Since the unification of Nigeria in 1914, the north has continued to lag the south in a number of socio-economic indicators. Years of military rule by northern generals did not make things any better. Most of the country’s oil revenue wound up in Swiss bank accounts and as investments in properties in European cities – even as regular folk in Kano, Katsina and Maiduguri, and in the wider northern region, continued to wallow in poverty.

In a sense Boko Haram and its ghastly attacks on civilians and government installations is as much a rejection of Western/Christian education (its name loosely translates to non-Islamic education is a sin) as it is an indictment of northern Nigeria’s leadership. Even by Nigerian standards, the north is doing very badly.

Recently, the governor of Nigeria’s Central Bank, Professor Chukwuma Soludo, chastised the northern elite by noting that the “high and persisting level of poverty in the country is a northern phenomenon.” Nearly all northern states in Nigeria have poverty rates higher than 60%, with some at 90%. Prof. Soludo further added that “if you look at all the indications of development, what constitutes today the North seems to be lagging far behind that the gaps seem to have even widened.

It is hard to ignore the fact that regular southerners are inching ahead of their northern counterparts despite the generous revenue sharing arrangements among Nigeria’s 36 states.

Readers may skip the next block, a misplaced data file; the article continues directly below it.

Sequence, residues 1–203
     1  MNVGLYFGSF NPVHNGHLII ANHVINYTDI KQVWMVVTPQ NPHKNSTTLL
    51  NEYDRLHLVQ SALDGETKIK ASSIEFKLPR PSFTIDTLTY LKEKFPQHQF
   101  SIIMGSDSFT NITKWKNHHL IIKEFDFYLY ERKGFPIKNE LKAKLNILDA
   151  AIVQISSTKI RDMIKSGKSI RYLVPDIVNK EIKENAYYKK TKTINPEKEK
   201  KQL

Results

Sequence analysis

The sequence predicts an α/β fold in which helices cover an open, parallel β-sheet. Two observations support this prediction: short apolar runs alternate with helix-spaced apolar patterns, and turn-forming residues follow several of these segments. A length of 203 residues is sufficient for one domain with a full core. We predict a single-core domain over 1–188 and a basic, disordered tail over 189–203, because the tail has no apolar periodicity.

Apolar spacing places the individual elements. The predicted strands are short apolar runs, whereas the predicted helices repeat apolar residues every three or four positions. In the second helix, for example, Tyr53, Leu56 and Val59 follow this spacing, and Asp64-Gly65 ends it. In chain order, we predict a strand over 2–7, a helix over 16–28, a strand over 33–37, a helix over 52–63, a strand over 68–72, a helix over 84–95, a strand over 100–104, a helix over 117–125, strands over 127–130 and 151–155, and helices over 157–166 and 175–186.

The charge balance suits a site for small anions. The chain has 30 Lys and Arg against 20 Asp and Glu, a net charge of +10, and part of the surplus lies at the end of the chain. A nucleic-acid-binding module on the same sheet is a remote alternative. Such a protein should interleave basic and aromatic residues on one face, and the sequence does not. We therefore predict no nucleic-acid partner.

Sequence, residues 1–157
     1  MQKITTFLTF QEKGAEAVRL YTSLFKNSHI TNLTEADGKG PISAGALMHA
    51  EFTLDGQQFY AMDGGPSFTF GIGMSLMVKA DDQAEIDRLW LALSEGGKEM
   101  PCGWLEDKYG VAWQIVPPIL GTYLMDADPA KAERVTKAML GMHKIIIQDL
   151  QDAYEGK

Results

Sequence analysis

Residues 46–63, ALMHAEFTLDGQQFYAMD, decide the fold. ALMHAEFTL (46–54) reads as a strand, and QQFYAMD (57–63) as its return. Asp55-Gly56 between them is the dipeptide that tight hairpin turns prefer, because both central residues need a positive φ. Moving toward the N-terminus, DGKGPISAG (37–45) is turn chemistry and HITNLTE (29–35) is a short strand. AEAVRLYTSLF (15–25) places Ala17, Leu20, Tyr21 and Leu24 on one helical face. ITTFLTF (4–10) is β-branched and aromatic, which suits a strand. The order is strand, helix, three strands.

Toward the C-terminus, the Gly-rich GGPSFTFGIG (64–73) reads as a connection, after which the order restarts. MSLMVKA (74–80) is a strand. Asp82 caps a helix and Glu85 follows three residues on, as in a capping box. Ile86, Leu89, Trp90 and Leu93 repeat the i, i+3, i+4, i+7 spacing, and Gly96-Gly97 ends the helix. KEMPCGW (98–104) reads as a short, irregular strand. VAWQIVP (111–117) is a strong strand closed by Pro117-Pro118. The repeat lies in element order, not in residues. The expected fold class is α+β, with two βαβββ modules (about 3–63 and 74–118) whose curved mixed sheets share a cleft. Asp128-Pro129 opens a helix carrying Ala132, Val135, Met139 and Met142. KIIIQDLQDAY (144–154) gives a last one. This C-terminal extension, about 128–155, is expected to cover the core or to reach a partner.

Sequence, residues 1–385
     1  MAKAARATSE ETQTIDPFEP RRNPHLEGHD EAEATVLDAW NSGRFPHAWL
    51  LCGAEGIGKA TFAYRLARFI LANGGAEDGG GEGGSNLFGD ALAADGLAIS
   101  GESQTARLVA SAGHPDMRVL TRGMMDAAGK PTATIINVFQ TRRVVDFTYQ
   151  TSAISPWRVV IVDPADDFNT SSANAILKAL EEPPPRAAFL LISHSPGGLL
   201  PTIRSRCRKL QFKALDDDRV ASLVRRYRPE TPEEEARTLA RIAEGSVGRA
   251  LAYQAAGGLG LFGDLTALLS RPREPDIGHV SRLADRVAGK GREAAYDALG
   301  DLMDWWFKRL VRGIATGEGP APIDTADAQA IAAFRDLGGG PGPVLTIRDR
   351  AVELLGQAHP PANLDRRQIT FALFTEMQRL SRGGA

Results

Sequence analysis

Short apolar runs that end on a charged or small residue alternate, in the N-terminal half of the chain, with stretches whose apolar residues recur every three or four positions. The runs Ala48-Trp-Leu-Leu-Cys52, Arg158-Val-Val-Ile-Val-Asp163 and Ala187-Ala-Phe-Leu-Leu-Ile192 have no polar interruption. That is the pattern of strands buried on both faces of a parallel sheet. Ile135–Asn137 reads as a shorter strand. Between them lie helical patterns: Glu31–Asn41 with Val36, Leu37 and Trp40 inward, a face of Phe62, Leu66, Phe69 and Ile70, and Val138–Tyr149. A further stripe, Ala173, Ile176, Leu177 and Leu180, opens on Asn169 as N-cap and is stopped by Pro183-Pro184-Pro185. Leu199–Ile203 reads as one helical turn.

What does this mean for national politics and governance in Nigeria?

Well, for one we know that the apparent north-south political divide in the last election was merely an artifact of presidential politics. Gubernatorial elections revealed that northern elites are also aboard Goodluck Jonathan’s gravy train.

Northern Nigerian elites are as much a problem in the north’s underdevelopment as the historical north-south divide.

In light of this, groups like Boko Haram show that the northern elite in Nigeria can no longer play the north-south card while keeping all the money from the national treasury to themselves. The men and women on the streets and in northern rural areas also want their cut.

I hope Abuja will not bury its head in the sand and pretend that Boko Haram is purely a security problem.

Kenya tried doing the same with the Mungiki group (with extra-judicial executions and all) without much success.

To Abuja I say: you must try to solve the problem you have, not the one you wish you had.

Accountable leadership 1 Abdoulaye Wade 0